Companion Pet Bird Health & Holiday Awareness

Companion Pet Bird Health

by Ryan Jo Summers

While browsing the web, I learned November is USDA Bird Awareness Health Month. Being a long time avian fancier, I went to investigate. Turns out it’s for poultry. Yet, that topic got me to thinking… How much do we know about companion pet bird health?

With the holidays upon us, it’s more important to be aware of our companion pet bird’s health. Care can be broken into the following categories: Diet, Housing, Hygiene, Environment, and Things to Avoid.

Companion Pet Bird Health Dos and Don’ts

Diet is just that; feeding the proper food formulated for your particular bird plus providing a variety of fresh fruits, nuts and vegetables. Fresh water is a must. Check websites for a list of foods to avoid giving your companion pet bird. Health issues can arise if they are given food like avocados, garlic, or undercooked eggs and meat.

Housing consists of a suitable sized cage, free of paint that can be chewed, and well stocked with perches, toys and a liner changed daily. Location should be where the household activity is, with fresh air but not drafty or in full bright sun.

Hygiene includes daily cleaning of the cage and perches, plus all cups. It means nail, beak and wing clipping as needed. Many birds enjoy bathing, so a small bathtub, gentle misting or even sharing a human’s shower are nice gestures and important for companion pet bird health.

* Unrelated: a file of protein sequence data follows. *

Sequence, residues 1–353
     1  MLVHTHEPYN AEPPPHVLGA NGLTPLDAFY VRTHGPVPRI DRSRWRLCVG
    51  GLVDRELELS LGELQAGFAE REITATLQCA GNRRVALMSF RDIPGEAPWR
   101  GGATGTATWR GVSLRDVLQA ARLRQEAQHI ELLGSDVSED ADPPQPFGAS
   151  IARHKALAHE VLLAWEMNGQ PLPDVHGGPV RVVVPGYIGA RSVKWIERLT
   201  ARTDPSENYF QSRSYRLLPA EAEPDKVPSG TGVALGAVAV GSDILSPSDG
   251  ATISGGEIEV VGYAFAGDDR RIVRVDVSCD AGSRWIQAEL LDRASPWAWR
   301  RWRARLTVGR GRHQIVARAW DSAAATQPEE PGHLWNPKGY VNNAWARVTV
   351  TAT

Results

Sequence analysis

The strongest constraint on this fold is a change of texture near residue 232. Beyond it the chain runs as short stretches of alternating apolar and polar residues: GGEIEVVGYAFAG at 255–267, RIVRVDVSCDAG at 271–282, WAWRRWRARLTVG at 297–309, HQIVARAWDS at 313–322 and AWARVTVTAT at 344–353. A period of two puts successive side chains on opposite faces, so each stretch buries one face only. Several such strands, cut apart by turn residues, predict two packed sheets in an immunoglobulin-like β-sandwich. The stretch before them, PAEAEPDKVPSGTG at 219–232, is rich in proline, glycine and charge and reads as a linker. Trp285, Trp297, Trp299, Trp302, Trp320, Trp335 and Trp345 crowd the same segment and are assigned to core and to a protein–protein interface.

Environment is providing a variety of toys to stimulate them physically and mentally. Actively cuddling, playing, singing and interacting with them is part of their social environment. How about music when you’re gone? Safely place their cage away from young children and other pets.

Lastly, when it comes to companion pet bird health, it’s important to avoid exposing them to air pollutants like smoke, fumes from aerosol sprays, deodorizers and non-stick cookware. Flighted birds should never be allowed near ceiling fans. If you have houseplants, check ASPCA.org for a list of poisonous ones. Holly, Poinsettia and Peace Lily are common holiday hazards.

With the holidays, we need to ensure our pets are not getting into cords, tinsel, ribbons or ornaments. Many birds like to chew, so be cautious with decorations that might be tempting to nibble.

Ryan Jo Summers has worked in animal welfare for around twenty years and is owned by a Blue-and-Gold Macaw named Taz. Learn more about them at www.ryanjosummers.com.

photo credit: “Ejea” the Blue-and-Gold Macaw via photopin (license)

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